Green with Envy

Posted: December 21, 2011 - 11:47 , by Katherine Dunnell
Categories: 
Collections, Natural History, What's New, Mineralogy | Comments (1) | Comment

Every day at the museum is a good day, but when a new object-specimen gets added to the collection, it is a great day.  It was a particularly stellar day in Earth Sciences when we were able to acquire this lovely princess cut, 23.24 carat peridot from Myanmar (Burma).

Green Periot Gem

23.24 carat peridot from Myanmar (Burma).

Peridot is the gem variety of the mineral forsterite, part of the olivine-group, and was first discovered on small island (4.5 km squared), St. John’s Island (also known as Zabargad), off the coast of Egypt, in the Red Sea. Myanmar has been a known source of peridot for hundreds of years and recently production has tapered off making it increasingly difficult to find specimens from this location.  Currently the largest producer of peridot is Pakistan.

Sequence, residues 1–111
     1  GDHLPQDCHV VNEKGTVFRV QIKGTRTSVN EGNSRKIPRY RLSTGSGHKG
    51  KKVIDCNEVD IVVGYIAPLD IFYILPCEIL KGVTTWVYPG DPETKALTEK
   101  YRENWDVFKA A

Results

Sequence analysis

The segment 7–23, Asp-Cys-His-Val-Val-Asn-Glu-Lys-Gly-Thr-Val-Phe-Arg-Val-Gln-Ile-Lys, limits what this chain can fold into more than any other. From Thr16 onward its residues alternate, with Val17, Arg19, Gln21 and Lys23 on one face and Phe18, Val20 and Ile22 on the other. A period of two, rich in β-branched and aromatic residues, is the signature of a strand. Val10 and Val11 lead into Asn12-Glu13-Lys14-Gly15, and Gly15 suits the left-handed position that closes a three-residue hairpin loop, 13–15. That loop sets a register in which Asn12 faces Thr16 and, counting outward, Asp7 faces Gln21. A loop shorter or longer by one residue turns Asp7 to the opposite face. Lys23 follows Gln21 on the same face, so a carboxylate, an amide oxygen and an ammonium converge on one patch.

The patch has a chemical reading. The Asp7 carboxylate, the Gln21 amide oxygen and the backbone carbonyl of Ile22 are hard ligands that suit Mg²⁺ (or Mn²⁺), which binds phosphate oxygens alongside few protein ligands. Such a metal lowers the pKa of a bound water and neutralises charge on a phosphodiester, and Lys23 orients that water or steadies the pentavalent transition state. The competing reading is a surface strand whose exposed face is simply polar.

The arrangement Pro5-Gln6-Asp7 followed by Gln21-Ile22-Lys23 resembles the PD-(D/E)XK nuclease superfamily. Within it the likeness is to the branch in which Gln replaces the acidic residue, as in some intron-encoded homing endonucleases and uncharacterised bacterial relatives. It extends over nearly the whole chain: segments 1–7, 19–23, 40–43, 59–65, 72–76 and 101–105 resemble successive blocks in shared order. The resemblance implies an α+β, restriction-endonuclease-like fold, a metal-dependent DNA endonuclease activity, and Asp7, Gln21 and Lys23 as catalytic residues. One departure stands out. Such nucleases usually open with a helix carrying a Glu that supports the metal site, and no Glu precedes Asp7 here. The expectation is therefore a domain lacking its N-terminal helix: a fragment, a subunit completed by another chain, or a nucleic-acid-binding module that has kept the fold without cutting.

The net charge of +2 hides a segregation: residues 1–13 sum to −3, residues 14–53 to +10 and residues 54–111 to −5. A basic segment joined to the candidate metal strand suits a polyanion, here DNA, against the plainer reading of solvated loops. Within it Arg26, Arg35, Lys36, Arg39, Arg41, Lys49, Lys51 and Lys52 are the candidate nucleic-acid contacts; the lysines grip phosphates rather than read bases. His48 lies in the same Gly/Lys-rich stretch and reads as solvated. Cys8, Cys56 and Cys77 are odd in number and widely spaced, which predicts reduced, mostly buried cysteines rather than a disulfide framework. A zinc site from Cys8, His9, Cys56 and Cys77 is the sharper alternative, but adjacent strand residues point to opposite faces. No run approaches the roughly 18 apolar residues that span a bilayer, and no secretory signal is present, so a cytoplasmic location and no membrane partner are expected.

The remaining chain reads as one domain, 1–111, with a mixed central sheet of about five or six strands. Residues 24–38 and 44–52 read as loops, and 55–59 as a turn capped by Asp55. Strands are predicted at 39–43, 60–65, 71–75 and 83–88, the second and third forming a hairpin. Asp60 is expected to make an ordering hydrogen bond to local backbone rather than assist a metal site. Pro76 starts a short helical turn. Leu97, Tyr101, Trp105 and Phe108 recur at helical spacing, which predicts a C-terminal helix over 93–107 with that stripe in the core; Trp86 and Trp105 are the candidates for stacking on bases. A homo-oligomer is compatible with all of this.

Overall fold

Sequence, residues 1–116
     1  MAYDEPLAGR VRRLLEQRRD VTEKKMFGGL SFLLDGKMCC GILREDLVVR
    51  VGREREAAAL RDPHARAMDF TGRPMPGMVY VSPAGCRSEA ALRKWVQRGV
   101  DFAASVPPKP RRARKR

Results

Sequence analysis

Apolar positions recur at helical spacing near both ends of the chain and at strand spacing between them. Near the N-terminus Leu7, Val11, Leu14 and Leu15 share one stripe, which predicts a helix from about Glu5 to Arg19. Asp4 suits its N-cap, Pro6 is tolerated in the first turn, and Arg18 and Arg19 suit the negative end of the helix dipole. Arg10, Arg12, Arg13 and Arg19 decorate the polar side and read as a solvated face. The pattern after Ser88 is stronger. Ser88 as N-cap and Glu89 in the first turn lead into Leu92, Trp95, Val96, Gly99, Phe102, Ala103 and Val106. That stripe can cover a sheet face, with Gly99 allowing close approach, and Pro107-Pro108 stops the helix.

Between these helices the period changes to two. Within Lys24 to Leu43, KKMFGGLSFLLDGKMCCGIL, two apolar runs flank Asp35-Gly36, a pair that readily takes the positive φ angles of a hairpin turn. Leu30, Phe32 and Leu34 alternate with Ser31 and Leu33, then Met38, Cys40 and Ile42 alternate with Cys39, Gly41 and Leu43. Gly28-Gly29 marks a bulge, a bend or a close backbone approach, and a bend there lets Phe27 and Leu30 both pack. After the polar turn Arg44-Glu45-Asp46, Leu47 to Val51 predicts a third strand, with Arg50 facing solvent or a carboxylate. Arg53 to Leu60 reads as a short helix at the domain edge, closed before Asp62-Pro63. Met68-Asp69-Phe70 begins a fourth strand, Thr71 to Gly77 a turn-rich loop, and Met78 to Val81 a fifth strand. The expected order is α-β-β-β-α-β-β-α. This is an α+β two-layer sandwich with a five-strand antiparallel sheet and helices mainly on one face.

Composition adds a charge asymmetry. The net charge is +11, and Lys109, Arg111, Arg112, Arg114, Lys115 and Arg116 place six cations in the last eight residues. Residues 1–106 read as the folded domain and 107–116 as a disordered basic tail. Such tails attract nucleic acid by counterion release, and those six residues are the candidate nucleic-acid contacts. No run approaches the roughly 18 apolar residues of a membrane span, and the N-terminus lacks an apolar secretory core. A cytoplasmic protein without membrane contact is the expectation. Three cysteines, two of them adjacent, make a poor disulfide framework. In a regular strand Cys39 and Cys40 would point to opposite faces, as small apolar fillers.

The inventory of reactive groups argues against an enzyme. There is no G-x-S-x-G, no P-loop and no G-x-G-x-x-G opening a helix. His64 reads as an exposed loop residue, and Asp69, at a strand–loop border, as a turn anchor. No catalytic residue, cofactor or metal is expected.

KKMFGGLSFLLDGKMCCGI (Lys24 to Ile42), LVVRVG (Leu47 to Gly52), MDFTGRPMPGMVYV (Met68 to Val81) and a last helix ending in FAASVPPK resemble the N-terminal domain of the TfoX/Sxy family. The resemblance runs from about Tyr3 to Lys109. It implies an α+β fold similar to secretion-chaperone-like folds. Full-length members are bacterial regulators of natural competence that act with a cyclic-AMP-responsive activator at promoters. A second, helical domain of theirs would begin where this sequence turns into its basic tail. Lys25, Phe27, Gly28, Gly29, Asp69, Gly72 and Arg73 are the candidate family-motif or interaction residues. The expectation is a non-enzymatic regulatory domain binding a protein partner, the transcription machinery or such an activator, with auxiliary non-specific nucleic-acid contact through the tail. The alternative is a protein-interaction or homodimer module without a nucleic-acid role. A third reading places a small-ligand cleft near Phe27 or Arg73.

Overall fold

It was the cut, a mixed cut called a princess cut, that caught our eye and had us lingering over this particular gemstone.  A princess cut is often seen with diamonds, as it highlights the dispersion of the stone and maximizes the cutting rough, but it is much rarer in coloured stones. The use of this cut with this material was a sign to us that the cutting rough was top quality.

The birthstone of August is a perennial favourite because of its rich green colour, and minimal known enhancements.  This sizable gem, larger than a postage stamp across the table, was a purchase made possible by a generous gift of the Levenston Family.

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